Oui: France to decriminalize Marijuana

France intends to soon stop prosecuting marijuana possession with years of imprisonment, according to a statement by GĂ©rard Collomb, the newly appointed interior minister.

Under new rules that are currently being developed, cannabis possession will be degraded from the highest status of crime to the lowest one, called "contravention" in the French judiciary system. As such, violators will no longer be subject to imprisonment; instead, people found in possession of marijuana will simply have to pay a fine of €100 ($111).


The French Presidential Election Offers A Clear Choice On Drug Policy

France’s national motto, dating back to the French Revolution, is “Liberté, Égalité, Fraternité.” How the two finalists for the French presidency embody those principles depends on how you define them.

Liberty can mean freedom from tyranny, but tyranny can take many forms: an overreaching government, poverty, or, in a sense, addiction to harmful and illegal drugs. Equality can mean everyone is treated the same under the law, or that potentially harmful vices are punished equally. Fraternity can mean solidarity among people with common interests, or it can mean people helping each other in ways such as helping drug addicts find drug rehabs instead of putting them in prison.


March for the decriminalization of cannabis in Paris

In rap and reggae tunes, the procession, composed of many young people but also of sick people, militant for the use of cannabis for therapeutic purposes, departed shortly after 15 hours from Place de la Bastille to Place de la Bastille. Republic, behind a banner proclaiming: “Worldwide marijuana cannabis decriminalization self-production cannabis therapeutic. Another drug policy is possible “. This year, the march was advanced to stand between the two rounds of the presidential.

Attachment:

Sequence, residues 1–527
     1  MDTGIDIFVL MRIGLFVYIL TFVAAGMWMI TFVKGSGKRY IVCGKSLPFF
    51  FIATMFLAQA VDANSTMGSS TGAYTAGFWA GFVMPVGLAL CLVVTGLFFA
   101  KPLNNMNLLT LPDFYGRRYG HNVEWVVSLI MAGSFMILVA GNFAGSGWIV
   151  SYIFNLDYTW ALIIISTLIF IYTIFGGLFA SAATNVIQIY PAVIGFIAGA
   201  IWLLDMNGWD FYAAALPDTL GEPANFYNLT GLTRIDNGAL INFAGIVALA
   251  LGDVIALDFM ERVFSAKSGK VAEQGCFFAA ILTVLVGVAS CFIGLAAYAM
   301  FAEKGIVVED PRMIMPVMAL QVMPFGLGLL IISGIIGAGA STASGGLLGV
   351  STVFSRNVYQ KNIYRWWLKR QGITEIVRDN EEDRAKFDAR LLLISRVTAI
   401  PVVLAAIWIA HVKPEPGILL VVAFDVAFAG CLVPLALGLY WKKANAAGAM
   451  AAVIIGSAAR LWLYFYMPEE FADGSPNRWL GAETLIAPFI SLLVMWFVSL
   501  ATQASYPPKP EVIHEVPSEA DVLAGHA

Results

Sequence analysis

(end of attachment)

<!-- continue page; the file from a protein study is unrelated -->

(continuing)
French election: Four out of five presidential candidates support relaxation of cannabis laws

Four out of the five main candidates in the French presidential election support a relaxation of the country’s cannabis laws.

Under the current law, first passed in 1970, taking any illegal drug carries the risk of a one-year prison sentence and a fine of up to 3,750 euros.

However cannabis remains one of the most popular illegal drugs in France, with 47 per cent of 17-year-olds saying they have tried it, according to a recent survey by the French Observatory for Drugs and Addiction.


Cannabis in France: An Unprecedented Campaign Debate

Four of the top five candidates at the Elysée want an evolution of the law. Until now, only the "small parties" proposed the contravention or the legalization. The actors on the ground are divided.


Legal Cannabis on the Cards as French Election Heats Up

The first round of France’s Socialist party primary has yielded a surprise victory for the country’s cannabis enthusiasts.

It comes in the form of Benoit Hamon, described by BBC News as the “French Bernie Sanders”, who has captured public interest with a series of policy proposals, including legalising cannabis.

 Wikimedia Commons)

Benoit Hamon. (Source: Wikimedia Commons)


Meet the Robot-Taxing, Marijuana-Legalizing, Jeremy Corbyn of the French Left

French left-wingers are fed up with being in power.

That appeared to be the message that 600,000 of them were sending Sunday when they made a little known former education minister the favorite to win the left’s presidential nomination.


France: The Legalization of Cannabis at the Center of the Debate

Marseille elected on Sunday (January 8th) to legalize the consumption of cannabis. This subject, has divided the left for 20 years, is again being debated between candidates at the primary level.

Legalize, decriminalize or penalize the consumption of cannabis?

The question has resurfaced in recent weeks. On Sunday, 8 January, one hundred and fifty Marseilles, including PS Patrick Mennucci and Marie-Arlette Carlotti, launched an appeal in the JDD for a "controlled legalization" of cannabis.


Marijuana Legalization In Europe: Is France Next?

Marijiuana, a divisive issue that normally resurfaces in Europe during election campaigns, has come home to France's hotly-contested presidential race.

With eight months to go until the 2017 French presidential election, marijuana - or cannabis, as the French prefer to call it - is an honored guest meme in the candidates' discourse, and a subject of intense controversy among the French electorate.


Mapped: The Countries That Smoke the Most Cannabis

The country with the biggest weed habit? That might surprise you.

A new report claims the UK government should legalise marijuana because it's “the only solution to crime and addiction problems”.

The strongly-worded study - titled The Tide Effect: How the World is Changing its Mind on Cannabis - was produced by the nonpartisan Adam Smith Institute and has the backing of several cross-party MPs including former deputy prime minister, Nick Clegg.


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